A new study finds that people taking anti-anxiety and sleep medications have a greater risk of premature death than those who do not take the drugs.

Could anti-anxiety or sleeping pills be deadly? After many years of suspicion, a new study in the journal BMJ has linked the drugs to an increased risk of death.

For more than seven years, researchers followed 34,727 people who took anti-anxiety medications such as Valium and Xanax, or sleep aids like Ambien, Sonata, and Lunesta. They compared government data from these individuals to data from 69,418 people who did not take the drugs.

The researchers found that those who took the prescription drugs had more than double the risk of death from any cause. They also discovered that there were four extra deaths per 100 people associated with the drugs, who lived for an average of 7.6 years after first being prescribed.

The most common drugs taken by study participants were Diazepam (Valium), Temazepam (Restoril), and Zopiclone, which is known as a Z-drug and is in the same family as Ambien and Sonata. (Zopiclone is not commercially available in the U.S.)

“This study adds to the evidence that these drugs are dangerous,” explained Scott Weich, a psychiatry professor at the University of Warwick, who led the research.

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Anxiolytic and hypnotic drugs are addictive and are also associated with cognitive and psychomotor impairments, potentially leading to falls and injuries.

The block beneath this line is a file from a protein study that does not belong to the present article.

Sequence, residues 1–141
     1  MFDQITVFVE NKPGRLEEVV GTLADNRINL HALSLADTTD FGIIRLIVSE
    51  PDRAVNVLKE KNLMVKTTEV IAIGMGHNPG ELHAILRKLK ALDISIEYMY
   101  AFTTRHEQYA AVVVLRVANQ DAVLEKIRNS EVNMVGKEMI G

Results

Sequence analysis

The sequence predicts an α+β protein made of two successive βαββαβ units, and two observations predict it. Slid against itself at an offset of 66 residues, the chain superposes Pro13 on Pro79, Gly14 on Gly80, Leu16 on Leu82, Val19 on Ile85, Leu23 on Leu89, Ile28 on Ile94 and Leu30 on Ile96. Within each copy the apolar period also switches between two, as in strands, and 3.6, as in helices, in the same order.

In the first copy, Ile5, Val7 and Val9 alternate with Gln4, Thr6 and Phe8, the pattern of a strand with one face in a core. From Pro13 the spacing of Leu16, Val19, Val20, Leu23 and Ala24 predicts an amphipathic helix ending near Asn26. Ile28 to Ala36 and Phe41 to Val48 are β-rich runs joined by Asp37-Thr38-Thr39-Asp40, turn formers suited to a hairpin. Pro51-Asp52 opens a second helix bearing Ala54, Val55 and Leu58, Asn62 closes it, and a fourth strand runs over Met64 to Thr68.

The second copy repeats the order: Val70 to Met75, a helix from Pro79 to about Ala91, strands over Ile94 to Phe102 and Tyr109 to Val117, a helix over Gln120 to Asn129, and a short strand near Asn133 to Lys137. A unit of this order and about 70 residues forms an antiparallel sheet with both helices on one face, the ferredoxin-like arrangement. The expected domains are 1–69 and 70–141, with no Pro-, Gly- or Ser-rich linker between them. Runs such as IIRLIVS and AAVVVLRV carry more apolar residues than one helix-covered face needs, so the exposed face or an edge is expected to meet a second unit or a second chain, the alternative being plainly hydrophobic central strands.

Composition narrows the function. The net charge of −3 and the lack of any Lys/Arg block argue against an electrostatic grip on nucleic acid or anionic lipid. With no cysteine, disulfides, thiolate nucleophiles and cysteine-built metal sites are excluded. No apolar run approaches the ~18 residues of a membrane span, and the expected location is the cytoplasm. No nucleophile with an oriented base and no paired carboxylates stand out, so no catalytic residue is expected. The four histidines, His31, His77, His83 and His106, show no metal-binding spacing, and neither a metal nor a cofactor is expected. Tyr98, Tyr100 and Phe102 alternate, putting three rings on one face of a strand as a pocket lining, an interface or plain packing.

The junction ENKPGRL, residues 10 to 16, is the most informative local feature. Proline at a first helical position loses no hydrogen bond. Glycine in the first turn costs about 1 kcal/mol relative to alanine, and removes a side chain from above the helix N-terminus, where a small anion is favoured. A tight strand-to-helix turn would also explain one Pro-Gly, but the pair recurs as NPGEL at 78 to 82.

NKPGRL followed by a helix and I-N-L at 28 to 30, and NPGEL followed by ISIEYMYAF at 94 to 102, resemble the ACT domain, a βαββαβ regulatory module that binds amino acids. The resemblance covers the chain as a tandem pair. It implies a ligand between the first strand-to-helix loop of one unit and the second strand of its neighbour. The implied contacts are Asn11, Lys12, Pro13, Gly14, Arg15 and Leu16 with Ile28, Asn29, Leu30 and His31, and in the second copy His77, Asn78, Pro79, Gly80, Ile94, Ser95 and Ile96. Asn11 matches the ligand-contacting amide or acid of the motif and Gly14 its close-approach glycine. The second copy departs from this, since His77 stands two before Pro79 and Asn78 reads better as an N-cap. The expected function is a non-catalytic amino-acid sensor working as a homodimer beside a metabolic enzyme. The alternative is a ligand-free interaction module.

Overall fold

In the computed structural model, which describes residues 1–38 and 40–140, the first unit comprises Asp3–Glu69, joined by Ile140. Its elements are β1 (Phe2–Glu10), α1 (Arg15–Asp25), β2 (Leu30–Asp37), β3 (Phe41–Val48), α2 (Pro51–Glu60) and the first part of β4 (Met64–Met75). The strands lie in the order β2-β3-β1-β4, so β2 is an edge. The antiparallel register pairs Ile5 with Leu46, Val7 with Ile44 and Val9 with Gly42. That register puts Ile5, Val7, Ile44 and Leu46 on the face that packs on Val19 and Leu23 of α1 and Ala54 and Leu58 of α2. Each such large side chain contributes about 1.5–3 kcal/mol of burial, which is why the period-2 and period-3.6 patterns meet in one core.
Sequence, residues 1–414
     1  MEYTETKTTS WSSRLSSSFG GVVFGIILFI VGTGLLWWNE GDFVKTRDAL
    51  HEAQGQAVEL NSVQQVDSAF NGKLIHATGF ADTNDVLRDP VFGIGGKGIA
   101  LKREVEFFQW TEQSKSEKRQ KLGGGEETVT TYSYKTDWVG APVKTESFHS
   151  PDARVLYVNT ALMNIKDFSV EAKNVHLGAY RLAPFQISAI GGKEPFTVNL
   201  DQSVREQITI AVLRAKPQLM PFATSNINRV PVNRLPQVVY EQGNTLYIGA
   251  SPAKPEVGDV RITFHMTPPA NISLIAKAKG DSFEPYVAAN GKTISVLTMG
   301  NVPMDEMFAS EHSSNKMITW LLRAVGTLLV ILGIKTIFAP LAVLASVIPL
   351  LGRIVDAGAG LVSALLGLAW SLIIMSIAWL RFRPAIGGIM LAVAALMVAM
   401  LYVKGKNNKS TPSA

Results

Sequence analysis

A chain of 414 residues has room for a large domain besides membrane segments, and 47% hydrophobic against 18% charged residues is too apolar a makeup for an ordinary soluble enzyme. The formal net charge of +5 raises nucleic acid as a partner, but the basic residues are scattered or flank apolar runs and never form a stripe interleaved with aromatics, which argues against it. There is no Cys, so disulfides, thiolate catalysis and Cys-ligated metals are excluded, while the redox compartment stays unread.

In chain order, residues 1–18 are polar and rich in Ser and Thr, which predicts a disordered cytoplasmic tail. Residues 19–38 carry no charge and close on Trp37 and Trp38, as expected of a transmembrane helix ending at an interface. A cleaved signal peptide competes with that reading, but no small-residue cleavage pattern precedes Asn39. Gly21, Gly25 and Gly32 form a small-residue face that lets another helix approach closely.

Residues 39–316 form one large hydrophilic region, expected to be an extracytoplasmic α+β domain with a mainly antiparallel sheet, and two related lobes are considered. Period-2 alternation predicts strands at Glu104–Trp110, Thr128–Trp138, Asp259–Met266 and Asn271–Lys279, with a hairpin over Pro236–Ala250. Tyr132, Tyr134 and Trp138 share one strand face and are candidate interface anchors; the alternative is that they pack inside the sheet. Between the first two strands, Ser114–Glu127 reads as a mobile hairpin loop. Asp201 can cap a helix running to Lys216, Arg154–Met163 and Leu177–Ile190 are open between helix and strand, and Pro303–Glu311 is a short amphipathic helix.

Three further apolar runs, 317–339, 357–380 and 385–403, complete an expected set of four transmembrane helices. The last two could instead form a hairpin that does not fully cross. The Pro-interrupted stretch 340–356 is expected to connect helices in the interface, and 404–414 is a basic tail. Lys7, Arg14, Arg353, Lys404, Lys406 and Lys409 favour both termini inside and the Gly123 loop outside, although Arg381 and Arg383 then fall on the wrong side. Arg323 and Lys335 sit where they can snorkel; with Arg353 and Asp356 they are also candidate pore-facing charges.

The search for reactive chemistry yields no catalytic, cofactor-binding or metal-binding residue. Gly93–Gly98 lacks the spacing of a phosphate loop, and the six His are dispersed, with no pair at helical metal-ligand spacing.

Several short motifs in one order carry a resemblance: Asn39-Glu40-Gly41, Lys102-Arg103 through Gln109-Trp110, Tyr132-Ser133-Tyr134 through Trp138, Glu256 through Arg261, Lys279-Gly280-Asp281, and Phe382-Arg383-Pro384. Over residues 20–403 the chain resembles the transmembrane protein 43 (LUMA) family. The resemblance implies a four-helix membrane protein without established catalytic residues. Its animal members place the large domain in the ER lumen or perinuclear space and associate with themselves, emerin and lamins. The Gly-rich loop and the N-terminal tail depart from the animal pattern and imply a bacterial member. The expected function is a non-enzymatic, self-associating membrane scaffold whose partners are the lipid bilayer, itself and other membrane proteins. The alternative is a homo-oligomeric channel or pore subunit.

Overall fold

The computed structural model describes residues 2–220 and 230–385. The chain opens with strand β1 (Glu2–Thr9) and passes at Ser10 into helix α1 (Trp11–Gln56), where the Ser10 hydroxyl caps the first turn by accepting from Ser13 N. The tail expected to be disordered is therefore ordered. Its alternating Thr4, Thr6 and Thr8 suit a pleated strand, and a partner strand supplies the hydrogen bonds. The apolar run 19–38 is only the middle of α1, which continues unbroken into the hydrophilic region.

Based on data from the study, Weich said that many subjects were found to take more than one of the study drugs, but they did not look at whether the medications were consumed at the same time and cannot say if drug combinations had an impact on mortality.

“We’ve known for decades that benzodiazepines are addictive, that they can cause long-term problems with memory, concentration, and balance, and that they are associated with traffic accidents,” he said. “But this and other studies show that they are also associated with increased rates of death.” As with previous studies, Weich said that the risk and drug dosage were correlated.

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Dr. Steven H. Feinsilver, director of the Center for Sleep Medicine at Mount Sinai’s Icahn School of Medicine, said that Weich’s study isn’t the first to suggest a link between the use of hypnotics and mortality.

“However, studies such as these do not necessarily mean that the use of these drugs increases the risk death,” he said. “Patients are given these drugs for a reason, and there is evidence that poor sleep itself is associated with a higher risk of illness and death.”

Feinsilver said that sleep improvement with pills is relatively small, and most insomnia should be treated either by finding and addressing the underlying cause, or by improving the patient’s sleep behavior.

Weich expressed caution in drawing conclusions from the study. “Even though we controlled for a very wide range of medical and psychiatric conditions, observational research can never be conclusive or prove causal relationships,” he said, adding that a “consistent picture of harm does emerge when you look at all the studies together.”

“The reason this matters so much is because of the very large numbers of prescriptions that continue to be written for these drugs,” Weich emphasized.

Dr. Mildred Frantz, who runs a private medical practice in Eatontown, N.J., said that prescribing sleeping pills and anti-anxiolytics in the long-term has always been troubling for physicians.

“There are certainly some patients that have a true need for these medications in order to have a good quality of life, however they are addictive and have many side effects; especially with an aging population,” she said.

“I also worry about patients relying on the medication instead of changing sleep hygiene and lifestyle stressors, which may be able to solve the underlying issue,” she added.

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